Every morning the armada of trucks would rumble down the familiar access roads onto the freeway, hauling tons of solid waste from this city's posh west side communities to landfill sites near the Santa Monica Mountains.

Now the trucks take longer, more expensive routes. The old dump sites are filled to capacity. And new "trash wars" are breaking out in communities around the state as Californians debate how to dispose of 46 million tons of solid waste every year.

In a state with a rich history of rangeland skirmishes, water-rights battles and mineral disputes, garbage has become the latest battleground. And as the disposal problem worsens and political tempers fray, state officials talk in terms of impending crisis.

They are funding various experiments, including curbside recycling projects and trash-burning power plants. They also have turned to trained mediators to work out compromises between city and county officials vying for authority over existing and planned disposal sites.

"What do you do when you finally reach the crisis situation?" asks Terry Trimble, the director of California's Waste Management Board in Sacramento. "Our studies indicate that every time you close a landfill, you double the garbage collection costs. It's a problem that needs a comprehensive solution. There isn't one approach that we can say will solve the problem."

The situation in Los Angeles mirrors the statewide problem. The closure of the last remaining west side landfill in mid-January caused cities like Beverly Hills and Santa Monica to build $1 million transfer stations so that their trash can be moved from smaller trucks to tractor-trailers and hauled to dump sites farther away. A county study predicts it will cost former users of the now-closed west side dump an additional $22 million to dispose of garbage.

Local officials fear an increase in illegal dumping. Air pollution is certain to rise as large trucks carry trash long distances. Homeowner sanitation bills are expected to double by the end of the year as municipalities pass along the cost increases.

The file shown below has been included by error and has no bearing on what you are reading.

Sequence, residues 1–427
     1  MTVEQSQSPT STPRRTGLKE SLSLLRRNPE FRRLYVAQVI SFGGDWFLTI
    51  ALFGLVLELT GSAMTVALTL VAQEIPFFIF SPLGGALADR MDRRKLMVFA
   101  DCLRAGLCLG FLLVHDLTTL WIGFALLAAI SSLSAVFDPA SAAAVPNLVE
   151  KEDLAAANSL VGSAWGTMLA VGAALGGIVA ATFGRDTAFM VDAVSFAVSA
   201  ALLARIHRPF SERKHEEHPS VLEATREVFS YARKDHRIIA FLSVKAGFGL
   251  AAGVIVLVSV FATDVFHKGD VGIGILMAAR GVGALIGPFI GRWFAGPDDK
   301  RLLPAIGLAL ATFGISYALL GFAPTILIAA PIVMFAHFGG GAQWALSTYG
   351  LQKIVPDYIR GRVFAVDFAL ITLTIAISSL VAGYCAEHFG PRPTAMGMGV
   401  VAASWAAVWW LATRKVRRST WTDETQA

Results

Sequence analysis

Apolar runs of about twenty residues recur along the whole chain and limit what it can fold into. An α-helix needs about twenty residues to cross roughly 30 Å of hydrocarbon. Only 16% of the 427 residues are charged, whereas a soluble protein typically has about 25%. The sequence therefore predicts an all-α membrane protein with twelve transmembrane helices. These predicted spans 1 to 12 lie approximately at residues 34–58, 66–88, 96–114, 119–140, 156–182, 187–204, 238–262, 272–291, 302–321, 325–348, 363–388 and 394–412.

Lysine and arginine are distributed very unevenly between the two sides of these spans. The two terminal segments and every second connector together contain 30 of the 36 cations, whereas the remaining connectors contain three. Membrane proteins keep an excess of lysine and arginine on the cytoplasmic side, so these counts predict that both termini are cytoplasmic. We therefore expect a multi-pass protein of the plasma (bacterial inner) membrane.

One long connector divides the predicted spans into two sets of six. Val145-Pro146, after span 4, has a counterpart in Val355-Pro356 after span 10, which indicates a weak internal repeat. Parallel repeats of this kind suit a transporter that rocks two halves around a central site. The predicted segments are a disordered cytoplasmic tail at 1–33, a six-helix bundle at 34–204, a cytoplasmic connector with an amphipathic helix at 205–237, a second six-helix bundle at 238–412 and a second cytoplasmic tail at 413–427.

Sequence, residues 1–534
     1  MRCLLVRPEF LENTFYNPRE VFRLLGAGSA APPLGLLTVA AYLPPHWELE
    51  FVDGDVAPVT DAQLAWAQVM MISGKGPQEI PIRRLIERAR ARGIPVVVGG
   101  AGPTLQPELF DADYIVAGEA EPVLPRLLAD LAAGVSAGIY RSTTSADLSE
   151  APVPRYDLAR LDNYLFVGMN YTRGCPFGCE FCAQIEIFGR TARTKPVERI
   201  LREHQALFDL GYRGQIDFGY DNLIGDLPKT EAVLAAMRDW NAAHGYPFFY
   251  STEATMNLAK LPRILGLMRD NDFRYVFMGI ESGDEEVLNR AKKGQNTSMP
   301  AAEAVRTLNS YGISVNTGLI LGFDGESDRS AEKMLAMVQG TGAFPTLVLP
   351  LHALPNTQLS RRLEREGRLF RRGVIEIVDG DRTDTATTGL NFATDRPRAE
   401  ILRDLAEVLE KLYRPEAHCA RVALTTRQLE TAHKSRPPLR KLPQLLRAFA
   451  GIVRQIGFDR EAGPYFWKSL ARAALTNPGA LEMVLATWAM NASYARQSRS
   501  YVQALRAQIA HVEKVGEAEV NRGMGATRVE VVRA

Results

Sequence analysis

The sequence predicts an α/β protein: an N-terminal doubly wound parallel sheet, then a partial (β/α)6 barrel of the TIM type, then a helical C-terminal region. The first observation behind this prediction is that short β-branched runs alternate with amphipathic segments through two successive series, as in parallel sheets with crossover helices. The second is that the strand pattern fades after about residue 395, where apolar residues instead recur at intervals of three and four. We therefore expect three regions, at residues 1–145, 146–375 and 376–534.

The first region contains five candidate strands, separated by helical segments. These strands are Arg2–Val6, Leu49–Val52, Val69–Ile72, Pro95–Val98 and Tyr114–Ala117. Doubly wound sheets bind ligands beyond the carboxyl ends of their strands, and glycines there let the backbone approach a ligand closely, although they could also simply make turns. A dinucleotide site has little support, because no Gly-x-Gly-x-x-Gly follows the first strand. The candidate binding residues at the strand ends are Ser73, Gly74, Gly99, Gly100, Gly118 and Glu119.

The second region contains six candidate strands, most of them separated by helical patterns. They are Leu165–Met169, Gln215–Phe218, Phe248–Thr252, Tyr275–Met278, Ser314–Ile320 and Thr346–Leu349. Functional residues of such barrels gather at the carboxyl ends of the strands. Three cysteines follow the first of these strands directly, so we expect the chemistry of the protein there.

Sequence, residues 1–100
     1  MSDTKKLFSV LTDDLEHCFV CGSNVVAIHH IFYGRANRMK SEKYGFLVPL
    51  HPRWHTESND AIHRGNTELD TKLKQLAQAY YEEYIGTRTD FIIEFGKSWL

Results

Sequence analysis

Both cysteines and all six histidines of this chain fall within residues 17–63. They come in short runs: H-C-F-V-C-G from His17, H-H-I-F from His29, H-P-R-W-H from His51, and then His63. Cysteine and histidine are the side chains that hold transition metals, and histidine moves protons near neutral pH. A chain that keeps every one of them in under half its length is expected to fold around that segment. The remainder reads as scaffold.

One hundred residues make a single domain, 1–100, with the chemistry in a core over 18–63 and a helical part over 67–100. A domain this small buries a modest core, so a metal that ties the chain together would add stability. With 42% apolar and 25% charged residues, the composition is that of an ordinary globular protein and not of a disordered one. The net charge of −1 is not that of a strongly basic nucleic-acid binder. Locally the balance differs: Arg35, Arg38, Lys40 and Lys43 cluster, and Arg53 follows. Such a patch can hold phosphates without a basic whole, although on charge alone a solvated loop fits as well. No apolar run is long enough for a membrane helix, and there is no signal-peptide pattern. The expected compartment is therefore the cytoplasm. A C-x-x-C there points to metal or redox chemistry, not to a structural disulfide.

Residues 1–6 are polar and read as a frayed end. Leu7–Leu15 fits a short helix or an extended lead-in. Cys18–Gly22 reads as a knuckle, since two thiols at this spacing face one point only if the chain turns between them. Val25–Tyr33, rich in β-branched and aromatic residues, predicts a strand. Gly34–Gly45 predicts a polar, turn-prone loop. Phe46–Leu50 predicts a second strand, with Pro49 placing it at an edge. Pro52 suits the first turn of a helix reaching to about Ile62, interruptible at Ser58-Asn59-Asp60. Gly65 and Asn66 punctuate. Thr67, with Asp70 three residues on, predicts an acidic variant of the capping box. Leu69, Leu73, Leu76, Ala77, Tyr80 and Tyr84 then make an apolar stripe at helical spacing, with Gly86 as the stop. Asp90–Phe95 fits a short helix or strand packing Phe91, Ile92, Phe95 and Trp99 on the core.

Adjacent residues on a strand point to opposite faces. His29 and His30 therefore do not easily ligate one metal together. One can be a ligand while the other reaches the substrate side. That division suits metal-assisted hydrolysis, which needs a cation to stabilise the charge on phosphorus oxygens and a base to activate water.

"We did a survey last year that showed, by the end of 1985, 55 percent of all the landfill capacity in the state will have expired," said Tom Epstein, director of communication and legislation for the waste board. "All the disposal sites on the west side of Los Angeles County have closed. That means the entire area served, which is 40 miles long, is at least 20 miles from a landfill site.

"This is not unique to Los Angeles. It's happening all over the place. In San Francisco there's not a disposal site left within the city."

As a possible solution, some state lawmakers are discussing granting the waste board additional authority to operate the disposal sites that are dividing city and county governments. No measures have been introduced, and many city officials are expected to fight hard against that approach, arguing that local land-use decisions will be usurped by another powerful state agency.

Meanwhile, state officials are hoping to reduce the amount of solid waste produced. A comprehensive curbside recycling plan was unveiled in January in Santa Monica, where the city is faced with a $100,000 annual increase in costs to haul 200 tons of trash a day to the San Fernando Valley.

The recycling program, called the most ambitious voluntary effort in the nation, involves curbside pickup of glass, newspapers and aluminum cans from every household in the city every two weeks. Even high-density apartment areas are included; all tenants are within one block of special "recycling centers." The program cost $388,000 in its first year, with the state picking up most of the tab. More than 40 percent of the city's 88,000 residents participated in the first month, officials said.

But even this has run into problems. Santa Monica hoped to recoup most of the cost of the project by selling the recycled goods, but the national recession has led to the collapse of the recycled-goods market. Officials said prices for glass, newspaper and aluninum dropped 40 to 70 percent in the last year. And some private businessmen have sued the city, claiming the recycling violates antitrust laws.

Nevertheless, state officials estimate 25 percent of California's solid waste could be recycled if the Santa Monica project succeeds and is extended to other communities. Such programs will become more cost-effective, the officials say, as the cost of landfill continues to rise in Los Angeles and other areas of the state.